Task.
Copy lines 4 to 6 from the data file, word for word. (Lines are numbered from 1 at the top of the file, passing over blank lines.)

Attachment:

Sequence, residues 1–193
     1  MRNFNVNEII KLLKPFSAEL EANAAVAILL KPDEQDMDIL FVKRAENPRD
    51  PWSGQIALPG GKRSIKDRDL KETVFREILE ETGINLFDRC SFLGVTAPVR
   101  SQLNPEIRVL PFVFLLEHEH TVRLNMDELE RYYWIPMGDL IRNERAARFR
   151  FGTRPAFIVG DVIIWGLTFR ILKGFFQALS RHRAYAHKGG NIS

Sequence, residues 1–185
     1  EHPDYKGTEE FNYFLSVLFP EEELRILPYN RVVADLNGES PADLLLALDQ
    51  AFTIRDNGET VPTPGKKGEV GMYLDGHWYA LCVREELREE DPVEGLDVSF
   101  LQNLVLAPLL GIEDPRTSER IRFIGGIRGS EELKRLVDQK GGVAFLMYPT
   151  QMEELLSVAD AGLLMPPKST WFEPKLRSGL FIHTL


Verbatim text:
   101  SQLNPEIRVL PFVFLLEHEH TVRLNMDELE RYYWIPMGDL IRNERAARFR
   151  FGTRPAFIVG DVIIWGLTFR ILKGFFQALS RHRAYAHKGG NIS

Sequence, residues 1–185